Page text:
- Wilmer Flores is still likely to open next season as the Mets‘ shortstop, writes Marc Carig of Newsday, but a source tells Carig that the team does have interest in Stephen Drew and Everth Cabrera on low-risk, one-year deals. Previous reports have indicated that the Mets weren’t interested in Cabrera. The team hasn’t ruled out bidding on Korean shortstop Jung-ho Kang, but they’re likely to pass due to concerns over his defense. Those same concerns have halted their interest in Asdrubal Cabrera from progressing beyond internal discussions.
- In a video blog, ESPN’s Buster Olney opines that the Padres are in perfect position to try to squeeze some extra money out of the Dodgers in their deal for Matt Kemp. While the deal is expected to be completed, Olney notes that Kemp’s medicals are “ugly,” and the Dodgers need the trade more than the Padres do. The Dodgers are reportedly set to send $32MM to the Padres as it is.
- The Padres aren’t done making moves even after striking deals to acquire Kemp and Wil Myers, writes Dennis Lin of the San Diego Union-Tribune. One possible minor addition, he reports, is veteran catcher David Ross, who is still “considering” the Padres.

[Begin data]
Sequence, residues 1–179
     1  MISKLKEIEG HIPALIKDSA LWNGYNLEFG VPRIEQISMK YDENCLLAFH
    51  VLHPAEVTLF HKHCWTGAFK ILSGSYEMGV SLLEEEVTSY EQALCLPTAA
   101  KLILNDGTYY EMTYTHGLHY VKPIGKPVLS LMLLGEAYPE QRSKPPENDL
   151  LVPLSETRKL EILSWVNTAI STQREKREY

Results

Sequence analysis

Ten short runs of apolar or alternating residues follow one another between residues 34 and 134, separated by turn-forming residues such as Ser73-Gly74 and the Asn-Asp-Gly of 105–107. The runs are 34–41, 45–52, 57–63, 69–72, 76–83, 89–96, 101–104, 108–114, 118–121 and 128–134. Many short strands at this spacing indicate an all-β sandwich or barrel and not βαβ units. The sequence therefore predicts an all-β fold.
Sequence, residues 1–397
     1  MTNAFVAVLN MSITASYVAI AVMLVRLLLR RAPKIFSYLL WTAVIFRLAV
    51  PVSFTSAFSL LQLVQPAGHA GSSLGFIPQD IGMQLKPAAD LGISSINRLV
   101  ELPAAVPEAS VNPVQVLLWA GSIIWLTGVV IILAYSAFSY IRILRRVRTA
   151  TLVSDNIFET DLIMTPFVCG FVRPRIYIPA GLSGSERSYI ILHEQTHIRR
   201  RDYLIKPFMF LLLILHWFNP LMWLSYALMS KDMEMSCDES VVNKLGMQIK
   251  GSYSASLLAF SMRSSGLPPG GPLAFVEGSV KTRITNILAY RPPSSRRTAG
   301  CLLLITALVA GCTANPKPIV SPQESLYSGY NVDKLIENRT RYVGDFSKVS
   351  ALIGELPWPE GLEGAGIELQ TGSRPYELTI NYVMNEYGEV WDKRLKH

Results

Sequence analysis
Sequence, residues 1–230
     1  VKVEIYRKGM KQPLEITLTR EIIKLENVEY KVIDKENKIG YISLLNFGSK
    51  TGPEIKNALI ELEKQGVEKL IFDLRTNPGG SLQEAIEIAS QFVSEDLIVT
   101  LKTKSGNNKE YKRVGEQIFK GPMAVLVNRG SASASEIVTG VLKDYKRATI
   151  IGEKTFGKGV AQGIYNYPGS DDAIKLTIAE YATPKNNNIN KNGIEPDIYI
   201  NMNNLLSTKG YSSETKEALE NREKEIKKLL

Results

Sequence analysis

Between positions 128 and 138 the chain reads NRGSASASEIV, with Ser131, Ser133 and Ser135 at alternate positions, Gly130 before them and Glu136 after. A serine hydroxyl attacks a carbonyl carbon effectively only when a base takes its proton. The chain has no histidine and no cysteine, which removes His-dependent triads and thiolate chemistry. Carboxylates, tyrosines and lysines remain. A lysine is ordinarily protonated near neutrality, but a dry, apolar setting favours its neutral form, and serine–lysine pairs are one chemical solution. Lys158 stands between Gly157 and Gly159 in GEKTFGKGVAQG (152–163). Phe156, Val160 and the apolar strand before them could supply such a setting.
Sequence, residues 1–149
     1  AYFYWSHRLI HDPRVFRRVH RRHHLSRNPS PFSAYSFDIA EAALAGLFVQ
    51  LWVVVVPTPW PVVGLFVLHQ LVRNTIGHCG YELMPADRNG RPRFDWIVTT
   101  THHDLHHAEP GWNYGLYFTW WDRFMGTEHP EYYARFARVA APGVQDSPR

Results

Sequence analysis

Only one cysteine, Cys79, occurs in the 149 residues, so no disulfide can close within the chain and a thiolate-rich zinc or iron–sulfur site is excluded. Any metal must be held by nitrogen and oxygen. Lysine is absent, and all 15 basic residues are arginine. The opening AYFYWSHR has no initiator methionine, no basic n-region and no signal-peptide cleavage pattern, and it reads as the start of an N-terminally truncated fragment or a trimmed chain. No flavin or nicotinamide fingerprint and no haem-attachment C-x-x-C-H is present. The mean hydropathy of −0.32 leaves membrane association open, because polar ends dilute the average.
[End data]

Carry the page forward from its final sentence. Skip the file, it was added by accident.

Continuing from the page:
Here’s the latest on the Astros from Evan Drellich of the Houston Chronicle…
- The Astros met with agent Scott Boras to discuss shortstop Stephen Drew and relief pitching, says a source familiar with the conversation. Boras confirmed the meeting took place without naming any particular names, saying “We’ve had meetings and talked and we have bullpen guys and the infield and outfield guys, so we’ve had some general conversations. They’re kind of in a fluid state on their position players, but…we have some guys that may be some fits there.” This is just my speculation, but it’s possible Houston could’ve been looking into Rafael Soriano or Francisco Rodriguez, Boras’ two most high-profile bullpen clients.
- Boras said that Takashi Toritani is drawing interest from MLB teams mostly as a second baseman rather than his natural shortstop position. As Drellich notes, this would seem to eliminate the Astros from contention since Jose Altuve is already entrenched at second.
- Unsurprisingly, Drellich’s source said that the Astros’ chat with Boras didn’t involve Max Scherzer.
- The Cubs showed some interest in Jason Castro earlier this offseason, prior to Chicago’s acquisition of Miguel Montero from the Diamondbacks.